Do we take the welfare and safety of our children seriously as a society? Taken at face value the answer has to be 'yes'.
Firstly, despite the recent economic difficulties, the last century has seen huge rises in wealth and opportunity for children. More young people stay in education or training post 16 than ever before. When I was at school foreign holidays were rare but now they are the norm, most children have access to a family car, a TV, computer and a library. Children are vaccinated against disease, get free dental care, subsidised travel on public transport and their families receive money from the state to help with the costs of parenting. So as overall wealth has increased there has been a conscious decision by successive governments to invest in children. The result has been that the health, material comfort and wellbeing of children have improved.
And secondly, as a society we have also invested in supporting a safe and nurturing environment for all children. Laws have been passed that both state that children are entitled to be safe, and define what, who and how this will be ensured. Structures have been developed around schools, GPs and social services that support families and intervene to protect children when there is a problem. The message has been clear - safe and nurtured children are all of our priority. And successive Governments have consciously chosen to legislate to try and achieve just that.
All good so far. As a society, at face value we do take the welfare of our children seriously. But scratch beneath the surface and it is not so clear. In 2011, almost 45,000 people across the UK contacted the NSPCC with concerns about a child - a 29% increase on the previous year. But 56% of people whose call to the NSPCC was so serious it needed further action said they had been concerned about the child for at least a month. Over a quarter had waited at least six months to report their concerns.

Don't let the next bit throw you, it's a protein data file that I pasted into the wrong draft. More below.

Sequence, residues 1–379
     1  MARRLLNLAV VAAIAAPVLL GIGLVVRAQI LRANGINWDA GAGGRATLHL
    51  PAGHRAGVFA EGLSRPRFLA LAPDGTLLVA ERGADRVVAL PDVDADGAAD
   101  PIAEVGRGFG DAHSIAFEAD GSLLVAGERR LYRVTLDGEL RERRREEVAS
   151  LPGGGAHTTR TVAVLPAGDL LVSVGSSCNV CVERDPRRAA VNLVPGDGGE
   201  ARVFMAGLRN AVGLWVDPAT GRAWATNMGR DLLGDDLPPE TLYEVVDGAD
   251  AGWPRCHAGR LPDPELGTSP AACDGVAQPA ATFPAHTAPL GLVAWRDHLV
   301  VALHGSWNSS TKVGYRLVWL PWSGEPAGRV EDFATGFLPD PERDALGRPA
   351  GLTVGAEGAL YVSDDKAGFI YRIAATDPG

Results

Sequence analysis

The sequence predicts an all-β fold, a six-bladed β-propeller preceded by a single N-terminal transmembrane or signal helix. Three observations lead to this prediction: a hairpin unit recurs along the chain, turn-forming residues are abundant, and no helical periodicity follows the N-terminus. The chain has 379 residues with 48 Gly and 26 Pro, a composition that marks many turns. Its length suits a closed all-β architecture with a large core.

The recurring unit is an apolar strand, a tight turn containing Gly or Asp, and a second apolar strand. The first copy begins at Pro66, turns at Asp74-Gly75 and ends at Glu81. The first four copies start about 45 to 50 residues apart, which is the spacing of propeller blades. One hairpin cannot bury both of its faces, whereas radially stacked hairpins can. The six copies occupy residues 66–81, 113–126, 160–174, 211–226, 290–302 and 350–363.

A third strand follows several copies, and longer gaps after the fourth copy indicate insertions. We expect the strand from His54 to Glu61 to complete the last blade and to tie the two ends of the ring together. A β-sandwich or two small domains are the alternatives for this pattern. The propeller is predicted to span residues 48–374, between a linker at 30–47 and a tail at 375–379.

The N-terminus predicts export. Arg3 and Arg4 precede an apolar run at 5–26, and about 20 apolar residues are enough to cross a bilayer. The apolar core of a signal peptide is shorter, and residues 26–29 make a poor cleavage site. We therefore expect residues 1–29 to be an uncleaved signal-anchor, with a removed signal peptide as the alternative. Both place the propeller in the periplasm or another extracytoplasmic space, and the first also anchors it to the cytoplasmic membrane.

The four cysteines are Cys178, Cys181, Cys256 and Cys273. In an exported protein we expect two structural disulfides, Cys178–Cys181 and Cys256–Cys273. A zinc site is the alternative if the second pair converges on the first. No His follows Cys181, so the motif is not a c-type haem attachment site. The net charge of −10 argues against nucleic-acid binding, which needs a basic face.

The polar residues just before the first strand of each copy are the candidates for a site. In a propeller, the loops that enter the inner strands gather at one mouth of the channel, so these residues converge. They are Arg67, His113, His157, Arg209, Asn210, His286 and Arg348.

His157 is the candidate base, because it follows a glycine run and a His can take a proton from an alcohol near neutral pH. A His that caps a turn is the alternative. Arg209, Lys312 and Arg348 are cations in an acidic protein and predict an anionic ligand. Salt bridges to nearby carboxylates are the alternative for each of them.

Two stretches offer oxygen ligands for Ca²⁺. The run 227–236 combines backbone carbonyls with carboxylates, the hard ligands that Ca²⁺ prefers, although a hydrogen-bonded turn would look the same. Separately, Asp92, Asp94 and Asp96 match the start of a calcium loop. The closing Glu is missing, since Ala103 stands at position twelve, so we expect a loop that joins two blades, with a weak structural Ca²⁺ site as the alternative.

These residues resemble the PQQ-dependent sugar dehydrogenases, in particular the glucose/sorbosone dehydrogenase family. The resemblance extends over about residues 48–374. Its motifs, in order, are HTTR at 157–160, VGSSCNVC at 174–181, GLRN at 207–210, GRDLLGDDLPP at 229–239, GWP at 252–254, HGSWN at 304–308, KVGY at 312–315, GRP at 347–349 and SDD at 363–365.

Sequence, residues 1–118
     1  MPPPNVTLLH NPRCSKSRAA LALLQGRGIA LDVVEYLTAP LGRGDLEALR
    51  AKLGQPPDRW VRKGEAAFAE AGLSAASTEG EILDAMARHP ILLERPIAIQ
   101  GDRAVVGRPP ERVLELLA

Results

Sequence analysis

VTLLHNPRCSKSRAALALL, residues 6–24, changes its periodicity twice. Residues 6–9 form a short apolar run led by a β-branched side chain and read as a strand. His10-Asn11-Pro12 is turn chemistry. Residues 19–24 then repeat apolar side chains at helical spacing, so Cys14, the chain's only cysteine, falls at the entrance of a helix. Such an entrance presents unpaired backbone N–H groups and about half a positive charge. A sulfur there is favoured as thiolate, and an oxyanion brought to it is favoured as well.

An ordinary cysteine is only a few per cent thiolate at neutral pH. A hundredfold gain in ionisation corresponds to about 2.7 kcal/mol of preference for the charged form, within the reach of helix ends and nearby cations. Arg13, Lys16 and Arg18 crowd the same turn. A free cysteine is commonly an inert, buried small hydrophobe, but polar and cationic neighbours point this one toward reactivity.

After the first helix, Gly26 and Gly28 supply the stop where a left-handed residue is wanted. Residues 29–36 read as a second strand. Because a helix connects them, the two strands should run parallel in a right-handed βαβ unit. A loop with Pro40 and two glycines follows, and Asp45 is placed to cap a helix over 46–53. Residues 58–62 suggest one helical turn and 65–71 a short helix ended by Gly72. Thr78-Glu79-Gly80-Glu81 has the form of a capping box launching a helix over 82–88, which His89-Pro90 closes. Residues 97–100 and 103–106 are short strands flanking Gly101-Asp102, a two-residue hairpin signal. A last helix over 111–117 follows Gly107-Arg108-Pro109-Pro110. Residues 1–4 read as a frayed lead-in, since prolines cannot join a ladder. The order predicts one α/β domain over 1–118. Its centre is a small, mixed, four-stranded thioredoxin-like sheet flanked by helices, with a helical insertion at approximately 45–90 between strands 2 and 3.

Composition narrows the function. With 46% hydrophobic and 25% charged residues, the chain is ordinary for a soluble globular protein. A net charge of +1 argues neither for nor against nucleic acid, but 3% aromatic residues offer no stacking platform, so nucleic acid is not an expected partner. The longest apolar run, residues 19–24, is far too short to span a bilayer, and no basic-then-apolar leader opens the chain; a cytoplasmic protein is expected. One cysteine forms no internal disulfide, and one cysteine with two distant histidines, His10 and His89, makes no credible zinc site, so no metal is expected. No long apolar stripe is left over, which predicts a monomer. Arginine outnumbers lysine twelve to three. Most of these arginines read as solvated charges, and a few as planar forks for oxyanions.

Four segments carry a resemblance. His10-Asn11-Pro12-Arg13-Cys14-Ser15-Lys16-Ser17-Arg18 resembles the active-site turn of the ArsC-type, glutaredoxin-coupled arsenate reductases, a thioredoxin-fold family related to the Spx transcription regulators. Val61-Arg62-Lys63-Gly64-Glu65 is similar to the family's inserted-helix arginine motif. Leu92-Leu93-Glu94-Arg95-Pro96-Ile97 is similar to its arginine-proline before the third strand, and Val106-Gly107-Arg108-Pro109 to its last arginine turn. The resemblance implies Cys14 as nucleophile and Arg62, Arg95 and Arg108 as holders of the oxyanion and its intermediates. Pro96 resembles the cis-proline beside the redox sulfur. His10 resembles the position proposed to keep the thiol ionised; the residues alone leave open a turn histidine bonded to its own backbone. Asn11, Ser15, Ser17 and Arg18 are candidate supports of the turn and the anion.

To address this reluctance to take action we have launched a campaign today - 'Don't Wait Until You're Certain' - to encourage people to report concerns about child abuse sooner.
The reality is that all too often we send out very mixed messages about our level of seriousness. Take the recent horrific cases of Roshane Channer and Ruben Monteiro. Both 21, they raped an 11-year-old girl in Bedfordshire. And for good measure they videoed the attack. Their justification? They thought that the victim was 14. And for this vile attack they received a 40 month prison sentence. Forty months; what sort of signal does that send about how seriously we take the welfare of our children? The Attorney General, following calls from the NSPCC and others, has now referred these sentences to the Court of Appeal - but the damage has been done. And this is far from being an isolated case.
And then there is the fact that in many ways, despite the hard work and dedication of those working in child protection, much of what we currently do as a society barely scratches the surface. Just look at the numbers. As of March 2010, 46,705 children were subject to child protection plans or on child protection registers because they are thought to be at risk of harm.